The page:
Bennett: Israel to set up ‘global network shield’ against growing cyberthreat

PM calls on ‘like-minded’ nations to join network to detect, alert and respond to attacks in real time; Israel cybersecurity chief warns: ‘Cyber winter is here’

Shoshanna Solomon is The Times of Israel's Startups and Business reporter

Israeli PM Naftali Bennett speaking at the Cyber Week conference in Tel Aviv on July 21, 2021 (Chen Galili, Tel Aviv University)
Israeli PM Naftali Bennett speaking at the Cyber Week conference in Tel Aviv on July 21, 2021 (Chen Galili, Tel Aviv University)

Prime Minister Naftali Bennett said Wednesday that Israel was setting up a “global network shield” within which partner-governments globally will collaborate in real time to identify cybersecurity attacks, raise the alert and work together to develop solutions.

It will be an “online, real-time global network defense,” Bennett said at the Cyber Week conference in Tel Aviv. “We invite all like-minded good countries to join forces.”

In the face of cyberthreats, the partnership will “alert, investigate, together develop a ‘vaccine’ and disperse the ‘vaccine’ to all countries in the network. United we stand, divided we fall,” he said.

The new network will operate similarly to the Israel National Cyber Directorate, which is in charge of national cyber defense. It works with the private sector and other government entities to help defend the nation from the growing threat of cyberattacks.

Cyberthreats constitute one of the top threats to security in Israel and the world. Terrorists and other bad actors realize that their best return on investment is via a cyberattack, Bennett said.

The head of the Israel National Cyber Directorate, Yigal Unna, who last year warned that “cyber winter is coming,” said at the conference on Wednesday: “Cyber winter is here.”

“Threats are coming from all actors,” he said, and cyberattacks are on the rise. “How cold this winter is going to be is something to be discovered, but yes, we are there,” he said.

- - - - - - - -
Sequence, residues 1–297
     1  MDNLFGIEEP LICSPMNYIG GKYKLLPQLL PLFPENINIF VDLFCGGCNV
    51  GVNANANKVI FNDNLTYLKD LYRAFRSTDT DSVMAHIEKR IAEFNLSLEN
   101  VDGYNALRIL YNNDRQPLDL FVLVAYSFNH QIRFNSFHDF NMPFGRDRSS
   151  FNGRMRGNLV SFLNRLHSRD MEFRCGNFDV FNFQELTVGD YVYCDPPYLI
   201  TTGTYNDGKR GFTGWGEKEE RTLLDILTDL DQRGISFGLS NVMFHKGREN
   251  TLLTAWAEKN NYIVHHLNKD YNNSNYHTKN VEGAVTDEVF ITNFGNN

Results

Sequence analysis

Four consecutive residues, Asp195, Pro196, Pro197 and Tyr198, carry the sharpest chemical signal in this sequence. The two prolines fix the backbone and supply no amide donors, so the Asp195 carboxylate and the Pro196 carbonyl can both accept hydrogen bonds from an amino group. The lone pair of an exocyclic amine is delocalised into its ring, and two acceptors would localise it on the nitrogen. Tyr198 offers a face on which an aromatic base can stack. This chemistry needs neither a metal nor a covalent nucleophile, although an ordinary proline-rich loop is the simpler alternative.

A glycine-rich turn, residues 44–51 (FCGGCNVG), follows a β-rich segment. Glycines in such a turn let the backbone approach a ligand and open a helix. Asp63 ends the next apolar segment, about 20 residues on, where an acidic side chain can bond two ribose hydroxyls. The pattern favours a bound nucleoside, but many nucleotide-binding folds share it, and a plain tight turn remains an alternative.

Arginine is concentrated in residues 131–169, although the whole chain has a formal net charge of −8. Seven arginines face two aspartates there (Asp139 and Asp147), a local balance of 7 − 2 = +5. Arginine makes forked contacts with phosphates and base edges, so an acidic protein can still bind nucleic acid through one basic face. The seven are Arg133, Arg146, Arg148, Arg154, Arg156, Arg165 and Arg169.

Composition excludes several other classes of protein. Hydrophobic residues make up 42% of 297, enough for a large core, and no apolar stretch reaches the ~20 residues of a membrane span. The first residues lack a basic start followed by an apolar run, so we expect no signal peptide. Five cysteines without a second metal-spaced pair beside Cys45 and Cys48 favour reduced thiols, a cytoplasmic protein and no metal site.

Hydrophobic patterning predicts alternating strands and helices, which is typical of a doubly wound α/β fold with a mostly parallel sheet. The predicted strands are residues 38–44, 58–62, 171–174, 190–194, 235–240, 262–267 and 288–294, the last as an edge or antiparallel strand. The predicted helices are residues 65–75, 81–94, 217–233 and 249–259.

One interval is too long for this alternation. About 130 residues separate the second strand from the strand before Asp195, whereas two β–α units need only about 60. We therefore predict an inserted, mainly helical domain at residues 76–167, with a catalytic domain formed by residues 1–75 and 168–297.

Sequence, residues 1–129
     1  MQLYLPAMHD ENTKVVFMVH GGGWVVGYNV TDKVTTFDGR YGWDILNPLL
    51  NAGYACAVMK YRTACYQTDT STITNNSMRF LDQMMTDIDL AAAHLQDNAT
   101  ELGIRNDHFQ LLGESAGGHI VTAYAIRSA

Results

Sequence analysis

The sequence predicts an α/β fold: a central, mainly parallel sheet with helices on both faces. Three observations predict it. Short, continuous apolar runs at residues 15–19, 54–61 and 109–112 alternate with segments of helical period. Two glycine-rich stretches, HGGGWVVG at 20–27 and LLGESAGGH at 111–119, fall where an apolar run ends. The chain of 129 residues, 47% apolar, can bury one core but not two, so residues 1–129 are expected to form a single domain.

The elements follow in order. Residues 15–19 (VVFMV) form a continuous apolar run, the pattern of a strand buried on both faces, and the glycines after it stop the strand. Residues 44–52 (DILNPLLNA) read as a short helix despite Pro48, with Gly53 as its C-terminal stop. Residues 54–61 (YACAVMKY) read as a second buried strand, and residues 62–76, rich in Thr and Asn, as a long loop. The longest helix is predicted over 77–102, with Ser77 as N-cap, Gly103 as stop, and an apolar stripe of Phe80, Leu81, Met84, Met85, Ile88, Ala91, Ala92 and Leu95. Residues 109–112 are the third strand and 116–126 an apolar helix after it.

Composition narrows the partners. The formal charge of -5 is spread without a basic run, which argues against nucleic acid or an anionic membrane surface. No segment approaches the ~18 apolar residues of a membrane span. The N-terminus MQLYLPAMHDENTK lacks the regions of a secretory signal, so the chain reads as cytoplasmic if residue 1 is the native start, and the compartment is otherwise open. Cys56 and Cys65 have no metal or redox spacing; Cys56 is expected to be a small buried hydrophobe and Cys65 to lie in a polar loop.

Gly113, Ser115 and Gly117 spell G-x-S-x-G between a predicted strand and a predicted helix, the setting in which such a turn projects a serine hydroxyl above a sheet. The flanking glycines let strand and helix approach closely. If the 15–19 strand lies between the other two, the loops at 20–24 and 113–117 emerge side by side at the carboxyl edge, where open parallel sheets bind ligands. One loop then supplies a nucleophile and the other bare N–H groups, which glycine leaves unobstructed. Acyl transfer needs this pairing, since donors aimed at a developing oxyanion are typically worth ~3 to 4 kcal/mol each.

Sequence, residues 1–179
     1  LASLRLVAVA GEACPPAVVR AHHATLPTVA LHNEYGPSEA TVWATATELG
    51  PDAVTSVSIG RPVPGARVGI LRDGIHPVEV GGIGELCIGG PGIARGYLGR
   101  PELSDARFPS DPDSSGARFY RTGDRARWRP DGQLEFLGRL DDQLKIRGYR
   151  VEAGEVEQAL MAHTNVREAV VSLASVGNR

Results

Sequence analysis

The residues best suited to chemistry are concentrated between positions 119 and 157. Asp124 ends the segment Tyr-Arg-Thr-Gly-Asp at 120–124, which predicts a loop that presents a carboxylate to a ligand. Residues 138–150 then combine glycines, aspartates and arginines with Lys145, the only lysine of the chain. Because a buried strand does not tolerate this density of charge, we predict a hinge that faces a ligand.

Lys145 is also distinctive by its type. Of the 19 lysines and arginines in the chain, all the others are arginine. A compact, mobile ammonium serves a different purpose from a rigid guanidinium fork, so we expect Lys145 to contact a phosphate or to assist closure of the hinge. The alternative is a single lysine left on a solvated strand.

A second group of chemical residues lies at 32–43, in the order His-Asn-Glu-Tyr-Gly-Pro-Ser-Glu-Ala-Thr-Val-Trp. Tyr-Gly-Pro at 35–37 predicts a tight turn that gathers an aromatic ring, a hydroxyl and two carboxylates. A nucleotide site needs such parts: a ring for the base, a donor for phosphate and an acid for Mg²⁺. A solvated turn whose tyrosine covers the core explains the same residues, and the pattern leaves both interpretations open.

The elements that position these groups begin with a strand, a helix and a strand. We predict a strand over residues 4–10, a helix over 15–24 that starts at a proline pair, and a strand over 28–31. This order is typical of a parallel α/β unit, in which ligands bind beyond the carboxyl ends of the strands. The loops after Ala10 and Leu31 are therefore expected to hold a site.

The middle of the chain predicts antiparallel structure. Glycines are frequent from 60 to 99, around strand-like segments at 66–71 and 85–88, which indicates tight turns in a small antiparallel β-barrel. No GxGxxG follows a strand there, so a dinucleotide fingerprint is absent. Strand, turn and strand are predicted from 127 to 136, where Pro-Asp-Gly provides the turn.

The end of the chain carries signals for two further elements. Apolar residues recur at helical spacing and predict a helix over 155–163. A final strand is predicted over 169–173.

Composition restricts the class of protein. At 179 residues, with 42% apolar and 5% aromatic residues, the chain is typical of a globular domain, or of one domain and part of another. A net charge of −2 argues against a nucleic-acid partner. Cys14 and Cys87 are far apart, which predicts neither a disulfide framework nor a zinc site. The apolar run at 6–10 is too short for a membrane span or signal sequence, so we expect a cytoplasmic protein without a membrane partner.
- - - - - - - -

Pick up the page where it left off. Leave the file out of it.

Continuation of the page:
One out of five businesses in Israel fell victim to cyberattacks in 2020, Unna said. Half of them were high-tech companies and almost 42% were large businesses. One in 30 businesses reported losses from cyberattacks in 2020, and “2021 looks even worse,” he said.

Ransomware attacks caused an average downtime of some 16 days, he said, and the average ransom paid in the US was $178,254.

Cooperation among nations is key to fight these attacks, he said, and the response needs to be fast, smart and stronger.

Unna said that during the recent round of fighting with Gaza, the Hamas terror group attempted cyberattacks against Israel. “We managed to behead their cyber chief and other cyber terrorists,” Unna said, in a “clear message” that Israel will not tolerate such attacks.

Israel today has cybersecurity cooperation with 90 countries, he said.

In the first half of the year, Israeli cybersecurity companies raised $3.4 billion in 50 deals and seven of them became unicorns, or private companies valued at over $1 billion, the National Cyber Directorate said earlier this month.

The money raised in the first six months of this year exceeds the sum raised by Israeli cybersecurity startups in the whole of last year, itself a record-breaking $2.9 billion, the directorate said. The half-year figure accounts for 41% of the total funds raised by cybersecurity firms worldwide, and is three times the amount raised in the same period a year earlier, the data shows.

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